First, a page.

This is one of those presidential statements that even Trump’s aides have trouble explaining.
“The president isn’t downplaying the severity of the virus,” White House press secretary Kayleigh McEnany told reporters July 6 when questioned about his statistic. “What the president is noting is that, at the height of this pandemic, we were at 2,500 deaths per day. We are now at a place where, on July Fourth, there were 254; that’s a tenfold decrease in mortality.”
“When you start to look at the stats and look at all the numbers that we have, the amount of testing that we have, the vast majority of people are safe from this,” White House Chief of Staff Mark Meadows told “Fox and Friends” on July 6. “When you look at the deaths that we have, if you’re over 80 years of age or if you have three, what they call co-morbidities — diabetes, hypertension, heart issues — then you need to be very, very careful. Outside of that, the risks are extremely low and the president’s right with that, and the facts and the statistics back us up there.”
Neither of those answers actually explain how the president came up with 99 percent. That’s because the math doesn’t work. It’s an inexact science, but here’s what we know.
The Trump administration bungled testing at the onset of the pandemic, allowing the coronavirus to spread silently through the United States. In recent months, testing has greatly expanded, though the United States still lags behind several other large nations, such as the United Kingdom and Spain, in testing per capita — which is a much better metric than raw numbers of tests, given the size of the United States.
(Trump often brags that the United States has done more tests than any other country. China in June claimed that it has carried out three times as many tests as the United States, but on a per capita basis, it has done half as many as the United States.)
Trump and other officials have argued that the sudden spurt in cases is the result of more widespread testing. As Meadows put it on “Fox and Friends”: “Obviously, the narrative is that the covid cases are rising. But testing is rising exponentially.”
Or, as Trump tweeted on July 2: “There is a rise in Coronavirus cases because our testing is so massive and so good, far bigger and better than any other country. This is great news, but even better news is that death, and the death rate, is DOWN.”
This happy talk is contradicted by the administration’s own health experts.
“There is no question that the more testing you get, the more you will uncover, but we do believe this is a real increase in cases because of the percent positivities are going up. So this is real increases in cases,” Adm. Brett Giroir, the Department of Health and Human Services official overseeing the nation’s coronavirus testing efforts, told Congress on July 2.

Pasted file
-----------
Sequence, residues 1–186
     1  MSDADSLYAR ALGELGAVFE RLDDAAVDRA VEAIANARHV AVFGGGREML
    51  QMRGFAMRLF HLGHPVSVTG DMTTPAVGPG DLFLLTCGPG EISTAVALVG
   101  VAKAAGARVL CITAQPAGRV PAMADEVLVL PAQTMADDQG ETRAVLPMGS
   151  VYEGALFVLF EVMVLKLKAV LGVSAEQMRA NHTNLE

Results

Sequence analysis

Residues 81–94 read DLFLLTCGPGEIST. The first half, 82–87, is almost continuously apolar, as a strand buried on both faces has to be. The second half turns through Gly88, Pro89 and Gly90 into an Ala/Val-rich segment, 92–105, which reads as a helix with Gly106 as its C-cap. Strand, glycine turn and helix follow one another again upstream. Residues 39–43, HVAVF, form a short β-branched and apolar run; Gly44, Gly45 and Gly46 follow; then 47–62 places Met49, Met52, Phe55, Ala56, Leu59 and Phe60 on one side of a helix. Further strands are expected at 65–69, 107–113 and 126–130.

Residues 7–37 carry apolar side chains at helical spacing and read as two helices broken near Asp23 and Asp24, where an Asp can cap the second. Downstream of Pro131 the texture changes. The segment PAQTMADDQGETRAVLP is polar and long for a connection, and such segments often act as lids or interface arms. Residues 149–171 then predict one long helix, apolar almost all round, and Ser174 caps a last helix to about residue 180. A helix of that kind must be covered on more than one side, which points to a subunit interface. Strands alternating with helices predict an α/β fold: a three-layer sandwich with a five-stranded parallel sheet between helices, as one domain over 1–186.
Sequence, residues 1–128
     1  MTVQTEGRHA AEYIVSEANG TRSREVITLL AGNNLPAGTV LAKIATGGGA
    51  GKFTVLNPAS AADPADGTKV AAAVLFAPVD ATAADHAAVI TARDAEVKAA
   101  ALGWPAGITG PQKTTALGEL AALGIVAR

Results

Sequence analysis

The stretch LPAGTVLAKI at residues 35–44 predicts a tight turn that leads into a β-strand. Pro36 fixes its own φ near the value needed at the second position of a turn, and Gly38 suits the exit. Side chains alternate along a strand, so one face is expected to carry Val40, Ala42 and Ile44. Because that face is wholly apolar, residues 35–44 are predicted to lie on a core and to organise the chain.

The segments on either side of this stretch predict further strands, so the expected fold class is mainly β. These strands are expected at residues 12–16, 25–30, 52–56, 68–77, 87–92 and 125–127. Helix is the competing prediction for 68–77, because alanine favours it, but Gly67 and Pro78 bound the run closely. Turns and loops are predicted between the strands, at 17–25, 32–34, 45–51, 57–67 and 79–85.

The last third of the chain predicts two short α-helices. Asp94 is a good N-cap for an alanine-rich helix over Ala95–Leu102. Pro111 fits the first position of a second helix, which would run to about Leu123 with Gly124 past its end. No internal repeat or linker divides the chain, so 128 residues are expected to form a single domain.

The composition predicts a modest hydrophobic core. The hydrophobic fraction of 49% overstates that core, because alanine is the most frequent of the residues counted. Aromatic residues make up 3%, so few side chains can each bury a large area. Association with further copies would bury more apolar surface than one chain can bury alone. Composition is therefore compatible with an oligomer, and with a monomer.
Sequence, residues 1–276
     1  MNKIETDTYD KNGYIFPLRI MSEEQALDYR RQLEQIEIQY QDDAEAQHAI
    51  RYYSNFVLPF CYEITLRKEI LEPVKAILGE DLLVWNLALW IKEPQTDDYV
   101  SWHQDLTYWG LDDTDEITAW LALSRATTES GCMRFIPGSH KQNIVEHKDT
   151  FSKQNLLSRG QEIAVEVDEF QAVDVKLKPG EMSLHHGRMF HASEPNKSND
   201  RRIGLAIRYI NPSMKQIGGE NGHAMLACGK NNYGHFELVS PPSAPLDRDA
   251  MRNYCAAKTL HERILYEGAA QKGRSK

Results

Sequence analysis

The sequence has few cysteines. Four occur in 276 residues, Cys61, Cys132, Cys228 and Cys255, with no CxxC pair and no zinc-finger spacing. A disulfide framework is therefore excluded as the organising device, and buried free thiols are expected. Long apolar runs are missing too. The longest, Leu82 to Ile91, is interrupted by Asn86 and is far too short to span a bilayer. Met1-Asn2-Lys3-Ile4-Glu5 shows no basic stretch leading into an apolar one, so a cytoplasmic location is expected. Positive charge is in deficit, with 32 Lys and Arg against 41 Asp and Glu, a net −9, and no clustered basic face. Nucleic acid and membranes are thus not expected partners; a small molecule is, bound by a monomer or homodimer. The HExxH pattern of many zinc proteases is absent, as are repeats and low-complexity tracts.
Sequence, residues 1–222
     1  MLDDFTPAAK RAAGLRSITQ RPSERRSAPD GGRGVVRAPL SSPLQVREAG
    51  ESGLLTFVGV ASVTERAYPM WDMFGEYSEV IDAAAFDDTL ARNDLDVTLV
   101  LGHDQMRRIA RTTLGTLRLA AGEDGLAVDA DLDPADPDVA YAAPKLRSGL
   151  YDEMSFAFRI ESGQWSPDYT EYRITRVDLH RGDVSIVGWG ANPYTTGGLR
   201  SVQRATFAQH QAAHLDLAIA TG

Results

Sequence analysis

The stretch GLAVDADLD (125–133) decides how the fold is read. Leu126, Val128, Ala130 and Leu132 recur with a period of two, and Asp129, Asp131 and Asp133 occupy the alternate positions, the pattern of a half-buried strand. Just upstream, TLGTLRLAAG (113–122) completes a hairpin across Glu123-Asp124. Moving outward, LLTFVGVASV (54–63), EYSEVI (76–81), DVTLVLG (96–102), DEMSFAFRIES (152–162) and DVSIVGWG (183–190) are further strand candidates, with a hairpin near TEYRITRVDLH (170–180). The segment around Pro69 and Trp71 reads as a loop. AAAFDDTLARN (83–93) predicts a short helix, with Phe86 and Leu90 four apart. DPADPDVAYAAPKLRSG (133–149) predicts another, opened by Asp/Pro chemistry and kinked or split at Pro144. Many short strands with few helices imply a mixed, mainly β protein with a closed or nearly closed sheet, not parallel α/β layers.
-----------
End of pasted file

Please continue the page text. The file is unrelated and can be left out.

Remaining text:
Giroir added: “We really do believe the current outbreak is primarily due to under-35s with a lot of gatherings, not appropriate protection like masks.”
Experience so far is that younger people are less likely than older people to die of covid-19, the disease caused by the coronavirus. That’s a possible explanation for why the death rate has not yet spiked to the levels seen earlier in the pandemic, when the virus spread through nursing homes, leading to many deaths. If many of the new cases are younger people, then it follows that fewer deaths would result.
But the number of hospitalizations has begun to spike again after declining steadily — and ending up in the hospital is not “totally harmless.” (The rate of new hospitalizations from covid-19 cases has declined from 8 percent in early June to 4 percent in July.)
At the moment, the data show that slightly more than 4 percent of the cases in the United States have led to death. The count at the Centers for Disease Control and Prevention, which lags behind private data, indicates a death rate of nearly 4.5 percent.
Johns Hopkins University, in a comparison of the observed case-fatality rate of the 20 countries most affected by covid-19, calculates that the United States ranked seventh worst, with 4.4 percent. The United States ranks second-worst in terms of deaths per 100,000 people.
The big unknown is how many cases are undetected, as many people who contract the coronavirus do not show symptoms. The CDC has tested blood samples in six states to check for coronavirus antibodies, and results suggest anywhere from six to 24 times more cases than detected. But as we have noted before, there is also evidence that the official death count is much too low. So without precise numbers, it’s difficult to make even a rough calculation.
The World Health Organization in March said that “for covid-19, data to date suggest that 80% of infections are mild or asymptomatic, 15% are severe infection, requiring oxygen and 5% are critical infections, requiring ventilation.” A review of 21 reports in April indicated that as few as 5 percent and as many as 80 percent are asymptomatic. Neither of those figures comes close to 99 percent.
A person who does not notice any symptoms at all might consider the disease “totally harmless.” But that person can still infect a family member, a close friend or someone else — who could die of the disease or be permanently impaired.
The Pinocchio Test
There is no evidence to support Trump’s claims that 99 percent of the people who contract the coronavirus find it “totally harmless.” He earns Four Pinocchios.
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